Free Solar Power System: The Lowdown on Leasing Solar
Buying and installing a solar power system is a great way to reduce your “carbon footprint” and is unquestionably a good long-term economic move, but buying a system does have a substantial upfront cost. After federal incentives and rebates one can still expect to pay $10,000-$40,000 for a complete system. However, not everyone lives on a 20- or 30-year plan, for these homeowners there are now a number of companies that offer solar system leasing. Solar leasing provides a number of key benefits, keep reading this guide to learn the ins and outs of how a solar leasing program works.
Solar power system leasing basics
Simply stated the solar leasing firm will install enough modules to correspond roughly to your energy needs, and charge a SET rate at which you will lease the panels each month. The power produced by the panels will run your household, and any excess will be returned to the grid and essentially reverse the direction of your meter. With this system leasing can only take place where net metering is possible.
As more local and regional utilities move to the net metering model, we will no doubt see more ideas on how to leverage solar power to reduce fossil fuel dependence.
Financial considerations for leasing a solar system
Your total cost, for the solar system lease and utility bill, will be less than your current expenses. Another practical benefit is that a long-term lease will hedge against rising energy costs during the lease period. With current energy rates rising annually around 5-6%, your lease will lead to significant future savings.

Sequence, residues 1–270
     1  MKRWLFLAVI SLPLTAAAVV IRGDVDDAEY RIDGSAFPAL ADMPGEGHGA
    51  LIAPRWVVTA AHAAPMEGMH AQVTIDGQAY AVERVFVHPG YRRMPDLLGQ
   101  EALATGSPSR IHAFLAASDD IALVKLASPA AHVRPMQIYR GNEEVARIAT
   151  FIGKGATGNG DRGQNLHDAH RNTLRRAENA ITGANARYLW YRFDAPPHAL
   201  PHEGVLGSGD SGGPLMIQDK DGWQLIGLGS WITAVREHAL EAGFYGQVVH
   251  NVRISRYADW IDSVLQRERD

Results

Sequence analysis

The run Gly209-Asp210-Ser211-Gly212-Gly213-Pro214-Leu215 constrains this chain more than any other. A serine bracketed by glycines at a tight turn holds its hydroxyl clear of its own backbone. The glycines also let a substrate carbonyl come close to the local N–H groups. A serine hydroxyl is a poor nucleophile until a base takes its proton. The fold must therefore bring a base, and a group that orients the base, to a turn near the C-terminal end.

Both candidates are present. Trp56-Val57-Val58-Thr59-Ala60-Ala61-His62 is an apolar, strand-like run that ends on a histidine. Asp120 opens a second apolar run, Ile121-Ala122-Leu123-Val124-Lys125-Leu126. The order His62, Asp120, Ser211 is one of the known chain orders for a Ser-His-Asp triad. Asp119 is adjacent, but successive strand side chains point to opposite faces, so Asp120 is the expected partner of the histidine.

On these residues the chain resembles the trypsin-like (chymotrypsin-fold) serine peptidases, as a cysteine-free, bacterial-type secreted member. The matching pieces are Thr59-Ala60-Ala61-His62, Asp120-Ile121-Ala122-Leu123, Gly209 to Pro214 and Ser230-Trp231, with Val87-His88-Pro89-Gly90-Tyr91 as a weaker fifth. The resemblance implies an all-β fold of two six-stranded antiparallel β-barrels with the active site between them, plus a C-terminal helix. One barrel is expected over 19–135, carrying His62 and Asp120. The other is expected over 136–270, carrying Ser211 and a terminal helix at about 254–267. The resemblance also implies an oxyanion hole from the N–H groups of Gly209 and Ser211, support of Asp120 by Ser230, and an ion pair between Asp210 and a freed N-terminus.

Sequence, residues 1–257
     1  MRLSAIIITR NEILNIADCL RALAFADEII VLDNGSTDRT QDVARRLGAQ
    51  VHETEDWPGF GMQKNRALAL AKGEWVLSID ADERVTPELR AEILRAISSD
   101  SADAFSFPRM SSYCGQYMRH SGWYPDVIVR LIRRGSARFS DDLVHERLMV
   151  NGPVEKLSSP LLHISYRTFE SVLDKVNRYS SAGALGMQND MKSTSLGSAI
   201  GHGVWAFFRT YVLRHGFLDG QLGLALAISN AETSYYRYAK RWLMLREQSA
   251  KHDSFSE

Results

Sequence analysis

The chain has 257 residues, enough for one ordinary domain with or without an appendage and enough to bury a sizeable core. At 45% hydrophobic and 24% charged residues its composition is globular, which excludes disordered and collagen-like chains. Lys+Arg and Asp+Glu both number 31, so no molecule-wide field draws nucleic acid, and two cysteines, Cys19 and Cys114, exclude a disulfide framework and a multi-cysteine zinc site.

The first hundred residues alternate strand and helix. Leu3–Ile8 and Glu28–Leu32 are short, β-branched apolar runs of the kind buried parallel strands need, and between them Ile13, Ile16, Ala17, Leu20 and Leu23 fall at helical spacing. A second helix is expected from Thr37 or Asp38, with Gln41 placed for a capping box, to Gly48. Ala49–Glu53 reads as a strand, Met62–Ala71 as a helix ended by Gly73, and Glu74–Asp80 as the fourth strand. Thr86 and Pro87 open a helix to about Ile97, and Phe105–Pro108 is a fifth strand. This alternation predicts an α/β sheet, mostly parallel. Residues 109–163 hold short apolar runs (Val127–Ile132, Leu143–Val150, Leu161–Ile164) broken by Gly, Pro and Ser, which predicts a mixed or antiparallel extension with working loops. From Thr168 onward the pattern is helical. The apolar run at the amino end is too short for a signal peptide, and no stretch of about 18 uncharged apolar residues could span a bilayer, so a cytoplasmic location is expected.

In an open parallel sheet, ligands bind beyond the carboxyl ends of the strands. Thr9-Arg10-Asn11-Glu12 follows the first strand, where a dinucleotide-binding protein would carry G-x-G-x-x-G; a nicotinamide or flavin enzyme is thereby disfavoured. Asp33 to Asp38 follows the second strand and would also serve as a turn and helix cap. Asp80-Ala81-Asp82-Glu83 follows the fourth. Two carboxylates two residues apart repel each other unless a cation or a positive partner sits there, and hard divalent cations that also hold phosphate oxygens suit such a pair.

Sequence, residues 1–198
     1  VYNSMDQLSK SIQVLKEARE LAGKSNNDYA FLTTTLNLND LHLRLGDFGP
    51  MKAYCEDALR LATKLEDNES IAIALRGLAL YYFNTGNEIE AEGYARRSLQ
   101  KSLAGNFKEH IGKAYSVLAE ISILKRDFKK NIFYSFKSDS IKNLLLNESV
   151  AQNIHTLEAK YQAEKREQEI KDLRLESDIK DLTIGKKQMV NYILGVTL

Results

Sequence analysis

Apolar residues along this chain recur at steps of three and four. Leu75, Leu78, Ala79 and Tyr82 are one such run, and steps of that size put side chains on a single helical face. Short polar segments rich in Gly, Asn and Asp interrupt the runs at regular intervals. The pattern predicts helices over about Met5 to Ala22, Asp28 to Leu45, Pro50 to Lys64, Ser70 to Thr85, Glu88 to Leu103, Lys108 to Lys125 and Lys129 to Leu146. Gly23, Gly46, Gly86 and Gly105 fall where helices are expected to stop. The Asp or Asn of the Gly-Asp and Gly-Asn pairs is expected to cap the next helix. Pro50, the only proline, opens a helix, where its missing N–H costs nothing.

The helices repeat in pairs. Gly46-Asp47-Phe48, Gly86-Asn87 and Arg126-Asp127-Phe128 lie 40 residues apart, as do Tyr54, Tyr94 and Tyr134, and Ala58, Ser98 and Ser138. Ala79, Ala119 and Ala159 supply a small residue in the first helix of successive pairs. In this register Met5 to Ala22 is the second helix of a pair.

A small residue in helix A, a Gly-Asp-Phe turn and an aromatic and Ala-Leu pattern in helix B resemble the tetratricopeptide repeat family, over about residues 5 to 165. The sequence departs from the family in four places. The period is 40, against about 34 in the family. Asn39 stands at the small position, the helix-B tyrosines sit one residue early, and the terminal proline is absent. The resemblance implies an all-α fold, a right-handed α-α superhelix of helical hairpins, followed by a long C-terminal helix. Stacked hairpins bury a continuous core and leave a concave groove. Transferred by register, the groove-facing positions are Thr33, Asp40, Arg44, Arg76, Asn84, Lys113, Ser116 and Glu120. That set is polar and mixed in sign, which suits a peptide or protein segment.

If energy rates continue to rise at their current rates, the average annual household energy bill (currently $2,100/year, or $175/month) in 30 years will top $8,500. That leads to a monthly payment of $720 for energy. Setting up a $0 down solar lease may save $10 a month now, but will save nearly $550 a month in the future.
The solar power leasing company’s economic considerations
The leasing firms will be the beneficiaries of any government rebate programs. However, the companies have every incentive to pass along a portion of these savings to the consumer, else they risk pricing themselves out of the market. A business that leases a solar power system can write off the depreciation at 5% annually, another financial planning factor that can be used to its advantage depending on its unique tax situation.
Solar leasing expands the opportunity for generating solar power to more and more people, and can be done without a large upfront investment. As with a purchased system, all of the construction, permits, paperwork and electrical work will be done by veteran, skilled professionals. It is yet another win-win solution, which are becoming increasingly common as solar technologies, systems, installations and financial incentives continue to proliferate in an environment of social experimentation and scientific advance.